What Is The Credit Cycle Telling Us About 2016?
By Invesco US :
Most fixed-income asset classes are continuing to advance along the credit cycle. We highlight three markets in transition.
By Tony Wong, Head of Global Credit Research
As investors anticipate the beginning of a new year, we at Invesco Fixed Income are anticipating a new phase in the credit cycle for several bond asset classes. Below, I will highlight a few areas where we're seeing substantial changes in asset classes' fundamentals or operating environment. We believe these areas could influence the broader market in 2016.
What is the credit cycle?
First, let's briefly define what the credit cycle is. The credit cycle illustrates how easy, or how difficult, it is for borrowers to access credit. It's driven by how companies are behaving toward their creditors, and how fundamental credit metrics are evolving.
The credit cycle moves in phases as monetary policy, interest rates and economic growth change over time. It's important to note that the credit cycle is different than the economic cycle, but it's related as the level and pace of credit creation is a key factor in economic growth.
Source: Invesco; CAPEX stands for capital expenditure, the use of company funds to acquire or upgrade physical assets such as property, industrial buildings or equipment.
Where are we in the credit cycle?
For most fixed-income asset classes, the cycle has continued to advance toward the late-cycle phase. Here are some notable highlights of markets in transition:
US investment grade: We see growing signs that US investment-grade companies are in the late stages of the credit cycle. These signs include a significant level of merger and acquisition activity (especially in technology and healthcare), rising leverage, aggressive dividend payouts to shareholders, and a drift toward lower credit ratings. Up to this point, these have been balanced by a very low cost of funding and continued investor demand for the asset class.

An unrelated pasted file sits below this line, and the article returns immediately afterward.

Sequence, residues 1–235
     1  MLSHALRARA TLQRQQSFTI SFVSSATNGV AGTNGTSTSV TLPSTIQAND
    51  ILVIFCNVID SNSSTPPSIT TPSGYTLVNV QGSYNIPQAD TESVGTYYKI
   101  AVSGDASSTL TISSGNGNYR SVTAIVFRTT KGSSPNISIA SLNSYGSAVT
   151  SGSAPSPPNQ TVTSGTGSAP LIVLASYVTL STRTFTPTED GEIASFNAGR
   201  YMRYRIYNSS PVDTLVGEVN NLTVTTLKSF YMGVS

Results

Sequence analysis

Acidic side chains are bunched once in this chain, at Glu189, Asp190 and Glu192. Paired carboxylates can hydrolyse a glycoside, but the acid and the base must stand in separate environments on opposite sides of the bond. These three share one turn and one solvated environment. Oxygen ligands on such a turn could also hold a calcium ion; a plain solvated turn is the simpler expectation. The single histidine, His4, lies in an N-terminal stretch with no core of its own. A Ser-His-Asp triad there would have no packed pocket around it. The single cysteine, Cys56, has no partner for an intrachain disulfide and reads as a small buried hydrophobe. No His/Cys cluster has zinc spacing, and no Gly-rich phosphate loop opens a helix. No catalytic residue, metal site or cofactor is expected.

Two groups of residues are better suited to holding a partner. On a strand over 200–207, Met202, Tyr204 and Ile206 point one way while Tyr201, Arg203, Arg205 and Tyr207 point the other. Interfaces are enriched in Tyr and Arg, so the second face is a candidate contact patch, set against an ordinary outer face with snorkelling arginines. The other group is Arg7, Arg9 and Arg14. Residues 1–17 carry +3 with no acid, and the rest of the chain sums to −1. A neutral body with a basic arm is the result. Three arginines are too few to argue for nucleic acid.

In 2016, we expect to see new investment-grade issuance as a result of M&A acquisition financing, shareholder payouts and regulations intended to strengthen global financial institutions. However, we expect these periodic supply pressures will create tactical opportunities in the current environment. For M&A situations, we prefer to invest in bonds that are issued after the transaction is finalized, when we can thoroughly study the deal's size, the liquidity, deal concessions and other factors.
Emerging markets ((EM)): Another market at an inflection point is EM, where the growth and operating environment is putting pressure on fundamentals, and corporations are managing the downturn with more defensive behavior such as reducing costs, managing down debt and limiting dividend payouts to shareholders. We're seeing classic end-of-cycle characteristics such as rising defaults and restructurings, as weakness in cash flows is increasing debt service burdens. We've also seen a decline in issuance as both investor and issuer appetite has waned. As is typical of EM, there is divergence between regions such as EM Europe and Latin America. In Asia, there's growing divergence between onshore and offshore China.